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Junctional EB gene therapy approach, given new life in Salzburg

In a study following on from the first EB gene therapy clinical trial, undertaken in a single patient in Italy in 2006, another JEB patient was recently treated with a so-called ex-vivo gene therapy.

The approach is scientifically similar to the Stanford approach and is the result of a long-term collaboration between the EB House in Salzburg, Austria and the Centre of Regenerative Medicine in Modena, Italy.

The teams are led by Prof. Johann Bauer in Salzburg and Prof. Michele De Luca in Modena. The following outlines the sequence of events in this trial, as they unfolded over the last few months:

May, Salzburg

A skin biopsy was taken from the patient and sent to Modena.

May – June, Modena:

Epidermal stem cells were isolated and the genetic fault was corrected in the lab (using retroviruses). The corrected stem cells were then expanded and grown into skin sheets (transplants). The skin sheets measured 5x7 cm each and were attached to special membranes, so that they wouldn't tear.

July, Salzburg

July 2nd: Five skin sheets were delivered from Modena to Salzburg in a cold box. In a 2-hour operation, the transplants were grafted onto particularly damaged areas of skin (severe wounds) on the patient's thighs.

July, 11th: the dressings were removed for the first time, and the healing process appeared to be progressing well. At this point, 2 out of the 5 transplants had already taken well.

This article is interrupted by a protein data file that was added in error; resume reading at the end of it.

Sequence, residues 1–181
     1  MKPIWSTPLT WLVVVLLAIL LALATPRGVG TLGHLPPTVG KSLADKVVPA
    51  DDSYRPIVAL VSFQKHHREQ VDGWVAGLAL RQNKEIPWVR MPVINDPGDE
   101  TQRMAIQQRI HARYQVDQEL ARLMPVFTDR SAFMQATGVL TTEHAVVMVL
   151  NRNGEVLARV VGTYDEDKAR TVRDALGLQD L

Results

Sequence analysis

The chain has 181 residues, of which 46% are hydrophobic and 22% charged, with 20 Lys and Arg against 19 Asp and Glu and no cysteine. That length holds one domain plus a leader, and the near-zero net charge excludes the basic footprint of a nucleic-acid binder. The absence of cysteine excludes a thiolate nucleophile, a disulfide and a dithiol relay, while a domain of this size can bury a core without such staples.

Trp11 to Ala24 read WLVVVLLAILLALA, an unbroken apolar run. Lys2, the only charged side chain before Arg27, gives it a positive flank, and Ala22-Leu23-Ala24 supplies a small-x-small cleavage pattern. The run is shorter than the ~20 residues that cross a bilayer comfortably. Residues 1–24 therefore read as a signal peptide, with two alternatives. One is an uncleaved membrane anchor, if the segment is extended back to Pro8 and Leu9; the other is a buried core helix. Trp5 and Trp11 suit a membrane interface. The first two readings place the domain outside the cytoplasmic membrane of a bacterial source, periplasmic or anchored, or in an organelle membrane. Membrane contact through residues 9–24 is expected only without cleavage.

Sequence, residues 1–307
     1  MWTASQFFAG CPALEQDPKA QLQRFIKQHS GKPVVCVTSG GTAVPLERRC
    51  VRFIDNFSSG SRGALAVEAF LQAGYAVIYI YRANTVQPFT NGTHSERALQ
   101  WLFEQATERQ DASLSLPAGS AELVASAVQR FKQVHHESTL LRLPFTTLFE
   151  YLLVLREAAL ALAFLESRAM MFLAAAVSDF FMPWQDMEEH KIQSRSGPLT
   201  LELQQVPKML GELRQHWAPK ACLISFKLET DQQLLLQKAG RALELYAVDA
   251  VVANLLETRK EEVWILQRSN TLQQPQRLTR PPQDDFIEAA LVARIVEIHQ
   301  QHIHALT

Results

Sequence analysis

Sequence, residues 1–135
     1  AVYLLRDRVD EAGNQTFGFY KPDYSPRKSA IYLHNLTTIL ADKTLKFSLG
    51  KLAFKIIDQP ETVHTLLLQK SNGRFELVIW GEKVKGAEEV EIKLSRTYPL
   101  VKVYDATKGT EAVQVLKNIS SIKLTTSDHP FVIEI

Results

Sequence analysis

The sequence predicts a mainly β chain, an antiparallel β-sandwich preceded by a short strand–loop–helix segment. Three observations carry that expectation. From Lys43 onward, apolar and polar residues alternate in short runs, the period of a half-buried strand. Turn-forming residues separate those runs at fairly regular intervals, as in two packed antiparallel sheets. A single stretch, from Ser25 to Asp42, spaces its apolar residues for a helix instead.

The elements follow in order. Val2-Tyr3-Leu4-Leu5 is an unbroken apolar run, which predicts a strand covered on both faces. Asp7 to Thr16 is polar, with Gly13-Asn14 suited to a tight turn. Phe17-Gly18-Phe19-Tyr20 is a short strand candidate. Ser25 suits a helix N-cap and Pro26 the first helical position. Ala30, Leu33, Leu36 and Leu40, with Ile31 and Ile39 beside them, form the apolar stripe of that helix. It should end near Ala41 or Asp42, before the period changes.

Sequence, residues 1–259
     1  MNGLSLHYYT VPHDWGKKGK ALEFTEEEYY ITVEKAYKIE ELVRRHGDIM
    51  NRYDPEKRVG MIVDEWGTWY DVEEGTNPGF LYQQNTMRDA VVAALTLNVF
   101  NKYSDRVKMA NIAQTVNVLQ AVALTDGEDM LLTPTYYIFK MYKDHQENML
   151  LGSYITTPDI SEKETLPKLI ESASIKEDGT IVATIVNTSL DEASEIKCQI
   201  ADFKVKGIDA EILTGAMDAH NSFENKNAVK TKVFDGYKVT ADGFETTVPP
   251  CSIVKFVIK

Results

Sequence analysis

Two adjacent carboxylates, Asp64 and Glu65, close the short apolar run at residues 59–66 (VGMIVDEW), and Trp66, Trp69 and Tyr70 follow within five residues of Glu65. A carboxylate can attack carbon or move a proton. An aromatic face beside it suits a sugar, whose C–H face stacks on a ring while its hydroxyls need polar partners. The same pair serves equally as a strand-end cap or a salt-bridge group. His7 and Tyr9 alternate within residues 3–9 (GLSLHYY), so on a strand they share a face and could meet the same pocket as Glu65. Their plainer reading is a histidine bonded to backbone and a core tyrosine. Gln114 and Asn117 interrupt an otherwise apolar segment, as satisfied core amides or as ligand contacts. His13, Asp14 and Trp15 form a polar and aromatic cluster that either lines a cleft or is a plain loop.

Present status

In a follow-up exam on 18th of August, 3 out of 5 of the transplants had grown well. The other 2 have not been rejected either but take longer to engraft. Wound healing was progressing nicely and the junction between 'old' and 'new' skin hardly visible. The patient is well and she will have check-ups at regular intervals in the first year after the transplantation, at 3, 6 and 12 months.

Future plans

The research teams are currently developing and optimising the technology for other subtypes of EB (with collagen 7 and collagen 17 deficiency) as well as trying to obtain regulatory approval to move on to clinical trials for these.

Barbara Dissauer, DEBRA Austria and DEBRA International

Table in a surgery setting, with 5 skin sheets in plastic boxes

Skin sheets, each measuring 5x7 cm

Prof. Dr. Johann Bauer (Salzburg) and Prof. Dr. Graziella Pellegrini (Modena), discussing images

Prof. Dr. Johann Bauer (Salzburg) and Prof. Dr. Graziella Pellegrini (Modena)